09 May, 2010

The Associated Press: Catholics sent predator priest to remote village

Here's a story that captures the essence of how these scandals played out in a manner that reflects so badly on the Church. It involves a missionary priest who was an abuser. He was convicted and sent for treatment upon which the 'experts' gave him the ecclesial version of the 'good housekeeping seal of approval' and then sent back out into ministry where he abused again.

Now the Church is being condemned for simply following the advice of the psychologists etc. as it looks as if they had more concern for the priest than for his victims. I know that this has been case for quite a few of these predators. The Church accepted the wisdom of experts that offending priests could be 'cured' through various forms of cognitive behavior therapy.

My question is: why is the Church not suing these mental heath professionals? In many cases (not all for sure, but for many) it was the assessment of these professionals that was the reason that many of these predators were sent back into ministry. Perhaps if the Church used the same legal tactics that they are being subjected to they might be able to mitigate the financial costs and regain some moral standing in the eyes of many.

The Associated Press: Catholics sent predator priest to remote village

10 comments:

  1. That's a great question, Tim. Why not, indeed?

    Then I might follow up with the question of how did they choose these particular "professionals" to begin with? What qualifications did these people have that attracted the church officials? Was it simply that they said things that echoed the wishes of their employers ('cause if that's how they got to be the church's advisors on the issue, then, among the list of charges to be brought would be one of impersonating a health professinal, as the only "profession" they could have would be that of confidence trickster).

    Institute of the Living has a long history, and in some areas, they might be leaders in their field. But if they are treating sexual abuse as a sexual issue, they are treating the wrong "disease" with the wrong tools. And if they don't know that by now, they need to be decertified until they do.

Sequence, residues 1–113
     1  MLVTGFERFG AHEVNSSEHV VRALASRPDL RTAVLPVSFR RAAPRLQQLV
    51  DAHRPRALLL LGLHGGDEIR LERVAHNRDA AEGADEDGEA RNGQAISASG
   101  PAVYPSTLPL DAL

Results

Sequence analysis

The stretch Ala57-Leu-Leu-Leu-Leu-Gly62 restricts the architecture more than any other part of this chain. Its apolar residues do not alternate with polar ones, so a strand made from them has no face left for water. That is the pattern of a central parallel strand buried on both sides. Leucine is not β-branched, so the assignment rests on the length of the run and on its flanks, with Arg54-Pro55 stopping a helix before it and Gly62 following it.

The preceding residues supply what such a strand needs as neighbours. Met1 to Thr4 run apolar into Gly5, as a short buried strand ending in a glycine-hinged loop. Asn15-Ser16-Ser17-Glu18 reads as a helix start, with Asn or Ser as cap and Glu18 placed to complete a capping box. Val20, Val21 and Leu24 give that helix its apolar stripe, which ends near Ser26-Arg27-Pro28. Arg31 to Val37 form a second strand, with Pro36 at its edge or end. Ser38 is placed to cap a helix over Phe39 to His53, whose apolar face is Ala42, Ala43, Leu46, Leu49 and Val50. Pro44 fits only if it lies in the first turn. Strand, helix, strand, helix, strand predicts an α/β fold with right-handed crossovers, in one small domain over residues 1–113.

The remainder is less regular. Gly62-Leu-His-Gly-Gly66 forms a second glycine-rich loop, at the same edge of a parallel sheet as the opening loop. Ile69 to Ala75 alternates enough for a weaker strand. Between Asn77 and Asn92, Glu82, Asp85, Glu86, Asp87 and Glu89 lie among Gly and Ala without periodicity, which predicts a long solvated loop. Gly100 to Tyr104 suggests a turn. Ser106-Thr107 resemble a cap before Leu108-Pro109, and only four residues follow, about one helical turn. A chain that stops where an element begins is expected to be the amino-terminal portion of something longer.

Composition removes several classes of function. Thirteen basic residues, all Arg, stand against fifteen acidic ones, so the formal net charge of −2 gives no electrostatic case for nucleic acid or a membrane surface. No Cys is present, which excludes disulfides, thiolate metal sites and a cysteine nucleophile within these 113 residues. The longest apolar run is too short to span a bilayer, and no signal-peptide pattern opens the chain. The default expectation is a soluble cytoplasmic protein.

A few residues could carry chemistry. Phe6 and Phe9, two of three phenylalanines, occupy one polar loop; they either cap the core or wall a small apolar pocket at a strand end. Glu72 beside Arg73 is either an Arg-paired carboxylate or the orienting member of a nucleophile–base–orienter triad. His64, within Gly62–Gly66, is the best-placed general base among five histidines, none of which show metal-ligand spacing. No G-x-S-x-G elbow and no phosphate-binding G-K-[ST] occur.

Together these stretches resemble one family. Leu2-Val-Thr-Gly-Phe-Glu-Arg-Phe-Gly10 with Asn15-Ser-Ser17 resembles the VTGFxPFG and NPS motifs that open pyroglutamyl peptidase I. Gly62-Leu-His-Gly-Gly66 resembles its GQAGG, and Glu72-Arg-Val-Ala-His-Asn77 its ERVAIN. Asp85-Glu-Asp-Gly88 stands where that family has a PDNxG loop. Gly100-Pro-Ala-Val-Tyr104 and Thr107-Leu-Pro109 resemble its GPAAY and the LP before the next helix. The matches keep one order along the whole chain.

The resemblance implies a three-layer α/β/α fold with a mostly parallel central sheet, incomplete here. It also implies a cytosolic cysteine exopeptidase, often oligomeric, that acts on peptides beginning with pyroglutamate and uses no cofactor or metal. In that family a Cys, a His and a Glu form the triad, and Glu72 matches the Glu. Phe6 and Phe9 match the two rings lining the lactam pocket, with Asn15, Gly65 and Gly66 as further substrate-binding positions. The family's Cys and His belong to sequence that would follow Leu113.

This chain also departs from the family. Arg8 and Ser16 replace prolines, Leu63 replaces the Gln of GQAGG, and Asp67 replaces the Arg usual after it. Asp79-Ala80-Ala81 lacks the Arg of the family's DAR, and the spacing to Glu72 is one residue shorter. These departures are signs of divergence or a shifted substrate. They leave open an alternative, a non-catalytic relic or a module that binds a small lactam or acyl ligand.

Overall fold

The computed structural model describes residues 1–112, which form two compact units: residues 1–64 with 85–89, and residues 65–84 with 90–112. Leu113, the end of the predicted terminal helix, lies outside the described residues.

ReplyDelete
  2. Tim, Lady Janus,

    You probably won't agree with me, but this is what I think. All this counciling of "predator" priests by "professionals" sounds like a doubtful proposition. The style of life they are in is unnatural and they were not meant for it to begin with. The best solution for priests is to be born again, leave the priesthood immediately, find a job, find a good Reformed or Presbyterian church, meet a good christian woman and get married, and maybe even have a family. Many have done it. Life could be wonderful.

    ReplyDelete
  3. Anonymous11 May, 2010

    Hi STG,

    You write: "The best solution for priests is to be born again, leave the priesthood immediately, find a job, find a good Reformed or Presbyterian church, meet a good christian woman and get married, and maybe even have a family. Many have done it. Life could be wonderful."

    While I would agree that leaving the priesthood and finding a good job are probably good next steps, I would take exception with your other remedies. Being "born again" or changing denominations are not good substitutes for professional psycholgical help. As for such a broken sexual predator finding and marrying a good christian women - I think you need to give that a advice a big re-think. Anyone that messed up this badly needs psychological help and dragging a family (with children perhaps) into the equation is probably not a good idea unless and until some serious healing has taken place.

    Many may have followed the road you describe, but I highly doubt that it leads to the kind of successful outcomes that you claim. If you have any data to the contrary, I would be happy to review it.